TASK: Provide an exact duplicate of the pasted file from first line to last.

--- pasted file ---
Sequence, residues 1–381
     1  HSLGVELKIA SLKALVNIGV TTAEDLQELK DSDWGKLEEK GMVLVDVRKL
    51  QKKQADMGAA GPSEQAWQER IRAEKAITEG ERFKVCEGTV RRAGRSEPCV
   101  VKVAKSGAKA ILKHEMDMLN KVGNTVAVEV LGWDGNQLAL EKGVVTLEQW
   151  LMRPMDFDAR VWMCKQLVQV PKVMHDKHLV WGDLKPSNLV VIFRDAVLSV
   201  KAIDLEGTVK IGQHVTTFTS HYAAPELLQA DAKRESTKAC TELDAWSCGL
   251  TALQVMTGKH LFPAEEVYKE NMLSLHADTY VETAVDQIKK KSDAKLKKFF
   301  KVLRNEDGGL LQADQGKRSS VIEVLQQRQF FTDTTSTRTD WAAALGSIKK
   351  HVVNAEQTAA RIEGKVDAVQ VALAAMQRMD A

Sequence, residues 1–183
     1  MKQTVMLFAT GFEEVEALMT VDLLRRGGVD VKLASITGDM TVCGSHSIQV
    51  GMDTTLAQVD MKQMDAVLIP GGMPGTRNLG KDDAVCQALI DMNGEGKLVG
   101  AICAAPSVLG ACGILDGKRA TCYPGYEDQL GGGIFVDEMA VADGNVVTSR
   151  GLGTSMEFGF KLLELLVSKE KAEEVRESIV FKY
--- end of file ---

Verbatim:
Sequence, residues 1–381
     1  HSLGVELKIA SLKALVNIGV TTAEDLQELK DSDWGKLEEK GMVLVDVRKL
    51  QKKQADMGAA GPSEQAWQER IRAEKAITEG ERFKVCEGTV RRAGRSEPCV
   101  VKVAKSGAKA ILKHEMDMLN KVGNTVAVEV LGWDGNQLAL EKGVVTLEQW
   151  LMRPMDFDAR VWMCKQLVQV PKVMHDKHLV WGDLKPSNLV VIFRDAVLSV
   201  KAIDLEGTVK IGQHVTTFTS HYAAPELLQA DAKRESTKAC TELDAWSCGL
   251  TALQVMTGKH LFPAEEVYKE NMLSLHADTY VETAVDQIKK KSDAKLKKFF
   301  KVLRNEDGGL LQADQGKRSS VIEVLQQRQF FTDTTSTRTD WAAALGSIKK
   351  HVVNAEQTAA RIEGKVDAVQ VALAAMQRMD A

Sequence, residues 1–183
     1  MKQTVMLFAT GFEEVEALMT VDLLRRGGVD VKLASITGDM TVCGSHSIQV
    51  GMDTTLAQVD MKQMDAVLIP GGMPGTRNLG KDDAVCQALI DMNGEGKLVG
   101  AICAAPSVLG ACGILDGKRA TCYPGYEDQL GGGIFVDEMA VADGNVVTSR
   151  GLGTSMEFGF KLLELLVSKE KAEEVRESIV FKY